I’m a sucker for a few types of stories. Time travel, parallel worlds, time loops… and Deal with the Devil stories. I’m fascinated by the portrayal of the Devil in these tales. Sometimes he comes across as a sheer power of evil that only hopes to catch the deal-maker in a Monkey’s Paw-style wish fulfillment. The type that is going to rules lawyer you into the worst version of the deal you could have made because words have power… and specific terms can allow for precise parameters. Other times we see a version that is less adversarial. A version that is merely a being doing a job, trading a wish for a soul, the basic bartering system. A being who is both above it all, and also very much a mirror to reflect our own wants and desires.
Other times you get the best of both worlds, and it is left up to the seller to figure out exactly what kind of deal they’ve made and exactly what kind of being they have made it with.
That’s where we find ourselves with Addie LaRue. She’s a person who made a deal that is twisted into saving her from an impending marriage (that she does not want) to becoming an immortal who can do pretty much whatever she wants… with one caveat:
No one will remember her.
She can interact with people. She can carry on conversations with people for hours upon hours, but once she leaves their sight… they forget her.
Throughout the book, we alternate chapters set in the present (2014) and in the past, beginning in the 1700s and slowly working their way to catch up with the present time. We’re told her story in these little bits and pieces, filling in some of the gaps in her present-day existence. V.E. Schwab does a deft job in not lingering too long in any one time period, though, it might have taken a little too long to get to the deal (not sure of the page count before the moment, but as a reader you know it is coming and yet it felt like it took a couple of chapters too long to get there). That being said, once the Deal happens, the book begins building steam as we rocket to the next big moment:
Addie meets someone who doesn’t forget her.
Throughout the novel, we get to see exactly how the life of someone who is forgettable actually might work. Schwab doesn’t shy away from the more unsavory portions of her life when she pretty much has to do whatever she can to get through a day. And this is the part of the novel that really contrasts with every other story about immortal beings. Most of the time they are able to enjoy their existence, day in and day out, even if the days pass into months and then into years and decades. Here we get someone who really has to experience her life one day at a time. She has no home, no clothes save for the ones on her back, no friends, no family, and potentially nothing holding her back.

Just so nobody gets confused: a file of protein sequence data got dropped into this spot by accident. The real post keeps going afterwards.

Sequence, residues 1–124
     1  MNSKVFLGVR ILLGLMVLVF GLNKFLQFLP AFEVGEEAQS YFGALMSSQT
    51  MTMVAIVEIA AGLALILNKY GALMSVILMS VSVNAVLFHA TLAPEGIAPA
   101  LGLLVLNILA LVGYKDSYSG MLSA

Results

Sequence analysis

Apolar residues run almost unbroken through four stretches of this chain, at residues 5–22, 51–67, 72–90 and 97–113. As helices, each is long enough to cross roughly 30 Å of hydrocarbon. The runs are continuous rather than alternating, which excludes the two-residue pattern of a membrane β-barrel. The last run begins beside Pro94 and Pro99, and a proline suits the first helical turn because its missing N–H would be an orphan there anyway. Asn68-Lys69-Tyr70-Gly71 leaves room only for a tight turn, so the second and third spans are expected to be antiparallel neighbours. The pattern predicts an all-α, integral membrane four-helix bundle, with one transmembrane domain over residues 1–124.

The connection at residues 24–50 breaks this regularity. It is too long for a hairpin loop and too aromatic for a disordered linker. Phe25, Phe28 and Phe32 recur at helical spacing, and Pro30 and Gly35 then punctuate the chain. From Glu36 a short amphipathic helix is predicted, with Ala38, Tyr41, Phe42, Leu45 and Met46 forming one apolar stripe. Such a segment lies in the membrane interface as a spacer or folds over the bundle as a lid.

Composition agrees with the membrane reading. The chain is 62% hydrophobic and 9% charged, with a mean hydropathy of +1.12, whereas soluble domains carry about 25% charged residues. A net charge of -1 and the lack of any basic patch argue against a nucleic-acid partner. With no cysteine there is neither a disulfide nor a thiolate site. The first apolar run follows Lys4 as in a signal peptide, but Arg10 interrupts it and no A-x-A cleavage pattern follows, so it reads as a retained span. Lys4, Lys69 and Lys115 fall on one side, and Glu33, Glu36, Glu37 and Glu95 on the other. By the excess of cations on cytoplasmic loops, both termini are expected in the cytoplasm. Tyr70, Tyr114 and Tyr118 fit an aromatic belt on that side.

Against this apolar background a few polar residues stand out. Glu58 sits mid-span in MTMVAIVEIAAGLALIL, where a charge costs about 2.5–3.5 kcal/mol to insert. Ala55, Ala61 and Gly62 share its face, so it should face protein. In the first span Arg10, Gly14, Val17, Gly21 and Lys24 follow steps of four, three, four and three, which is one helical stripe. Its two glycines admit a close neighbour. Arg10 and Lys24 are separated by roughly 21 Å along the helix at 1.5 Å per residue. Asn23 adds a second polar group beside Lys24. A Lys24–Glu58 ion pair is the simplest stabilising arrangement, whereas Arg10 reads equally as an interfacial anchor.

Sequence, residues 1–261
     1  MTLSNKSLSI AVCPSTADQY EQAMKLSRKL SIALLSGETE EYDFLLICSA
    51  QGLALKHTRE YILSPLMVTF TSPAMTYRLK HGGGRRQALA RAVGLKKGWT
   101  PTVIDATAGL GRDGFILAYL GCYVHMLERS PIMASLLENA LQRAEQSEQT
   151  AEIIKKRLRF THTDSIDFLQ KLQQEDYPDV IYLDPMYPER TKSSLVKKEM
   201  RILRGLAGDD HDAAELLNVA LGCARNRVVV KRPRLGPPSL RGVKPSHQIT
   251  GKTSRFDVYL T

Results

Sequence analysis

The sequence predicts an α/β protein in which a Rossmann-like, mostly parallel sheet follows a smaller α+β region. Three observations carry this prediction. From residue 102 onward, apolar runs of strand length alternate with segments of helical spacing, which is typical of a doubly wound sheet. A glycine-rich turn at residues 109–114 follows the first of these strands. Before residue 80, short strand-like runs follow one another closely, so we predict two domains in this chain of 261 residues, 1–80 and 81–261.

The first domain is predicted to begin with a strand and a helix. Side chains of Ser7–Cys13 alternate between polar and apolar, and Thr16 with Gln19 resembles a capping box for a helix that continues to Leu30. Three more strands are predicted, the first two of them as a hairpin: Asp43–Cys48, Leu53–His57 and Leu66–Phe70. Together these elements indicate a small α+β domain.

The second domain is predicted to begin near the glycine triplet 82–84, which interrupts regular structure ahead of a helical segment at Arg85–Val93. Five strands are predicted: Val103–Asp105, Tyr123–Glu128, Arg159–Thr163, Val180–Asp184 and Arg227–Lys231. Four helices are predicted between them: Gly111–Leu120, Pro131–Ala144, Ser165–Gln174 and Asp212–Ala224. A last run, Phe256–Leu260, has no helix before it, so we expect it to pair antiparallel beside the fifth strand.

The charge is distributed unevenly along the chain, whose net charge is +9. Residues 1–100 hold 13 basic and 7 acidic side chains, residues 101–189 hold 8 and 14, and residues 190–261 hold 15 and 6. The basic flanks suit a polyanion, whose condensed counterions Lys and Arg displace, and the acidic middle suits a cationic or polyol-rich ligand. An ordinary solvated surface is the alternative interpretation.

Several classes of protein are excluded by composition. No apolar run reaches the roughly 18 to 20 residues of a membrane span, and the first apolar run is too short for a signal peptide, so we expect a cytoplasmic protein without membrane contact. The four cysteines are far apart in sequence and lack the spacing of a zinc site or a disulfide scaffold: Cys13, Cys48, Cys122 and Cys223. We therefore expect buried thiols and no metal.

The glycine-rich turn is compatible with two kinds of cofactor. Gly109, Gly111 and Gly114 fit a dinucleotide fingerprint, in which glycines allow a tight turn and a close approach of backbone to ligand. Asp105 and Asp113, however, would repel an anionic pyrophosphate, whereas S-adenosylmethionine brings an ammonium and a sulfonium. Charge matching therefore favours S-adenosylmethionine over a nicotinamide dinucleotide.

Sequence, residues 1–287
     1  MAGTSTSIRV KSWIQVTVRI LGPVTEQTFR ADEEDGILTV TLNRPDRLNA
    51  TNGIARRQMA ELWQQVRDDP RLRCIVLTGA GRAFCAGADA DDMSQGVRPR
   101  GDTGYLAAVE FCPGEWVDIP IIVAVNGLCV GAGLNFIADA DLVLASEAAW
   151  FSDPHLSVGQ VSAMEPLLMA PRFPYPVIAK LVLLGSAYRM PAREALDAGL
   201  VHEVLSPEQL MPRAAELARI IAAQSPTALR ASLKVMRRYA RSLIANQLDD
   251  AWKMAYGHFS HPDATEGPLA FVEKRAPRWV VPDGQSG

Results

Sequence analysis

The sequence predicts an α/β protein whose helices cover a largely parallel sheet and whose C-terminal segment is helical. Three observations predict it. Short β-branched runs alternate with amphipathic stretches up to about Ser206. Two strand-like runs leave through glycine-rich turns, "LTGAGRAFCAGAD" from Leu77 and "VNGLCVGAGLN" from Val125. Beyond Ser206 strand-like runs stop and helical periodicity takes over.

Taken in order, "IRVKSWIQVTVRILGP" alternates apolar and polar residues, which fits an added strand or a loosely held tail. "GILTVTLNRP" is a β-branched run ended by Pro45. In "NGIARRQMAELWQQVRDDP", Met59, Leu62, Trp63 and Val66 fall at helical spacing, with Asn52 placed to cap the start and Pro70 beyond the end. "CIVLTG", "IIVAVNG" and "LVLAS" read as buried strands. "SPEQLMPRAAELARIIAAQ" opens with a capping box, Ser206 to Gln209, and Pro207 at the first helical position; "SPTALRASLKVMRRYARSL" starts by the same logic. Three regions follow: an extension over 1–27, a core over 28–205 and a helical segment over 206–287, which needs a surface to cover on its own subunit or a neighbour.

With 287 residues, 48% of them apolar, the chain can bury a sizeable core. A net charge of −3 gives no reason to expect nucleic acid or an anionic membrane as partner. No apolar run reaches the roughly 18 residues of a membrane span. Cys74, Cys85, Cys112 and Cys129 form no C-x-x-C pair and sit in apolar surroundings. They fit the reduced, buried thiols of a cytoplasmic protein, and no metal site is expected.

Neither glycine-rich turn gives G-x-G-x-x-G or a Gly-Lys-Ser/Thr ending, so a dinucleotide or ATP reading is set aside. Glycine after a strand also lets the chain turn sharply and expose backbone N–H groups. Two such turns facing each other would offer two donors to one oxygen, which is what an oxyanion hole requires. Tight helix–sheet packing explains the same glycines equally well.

All along the way, she gets to deal with somewhat yearly visits from the Devil (Luc). A bit of a contest between the two of them, for it is his job to collect her soul, but how do you convince someone who is immortal to give up on that? The confrontations range from verbal sparring to more of a carefully constructed dance between two beings who are playing a game on a level the rest of us will never know or see.
Luc is dealt with as a “someone” while also reminding Addie (and the reader) that he is more of a “something”. And like the titular character, I found myself wondering about his interactions with her, trying to determine how genuine he was or wasn’t. Even though the book isn’t about him, he is both this seen and unseen force always lurking in the background (or directly in the foreground). You can’t defeat him in a traditional sense, so you have to hope that Addie is able to outsmart him.
It is nice to see a version of the Devil shown in a complex way. He should be a being that is above the everyday things of the world, but also one who seemingly preys on the unsuspecting. However, they are the ones who make the deals. He never forces anyone to do anything they didn’t want… even if they don’t always understand the true meaning behind the contract they “signed”.
As we approached the end of the book, I had determined a possible ending for the novel, and it turned out I was both right and wrong… which I think is probably the best way for it to have ended. It’s nice to have a little bit of a surprise.
John McGuire is the writer of the sci-fi novel: The Echo Effect.
He is also the creator/author of the steampunk comic The Gilded Age. If you would like to purchase a copy, go here!
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His other prose appears in The Dark That Follows, Hollow Empire, Tales from Vigilante City, Beyond the Gate, and Machina Obscurum – A Collection of Small Shadows.
He can also be found at www.johnrmcguire.com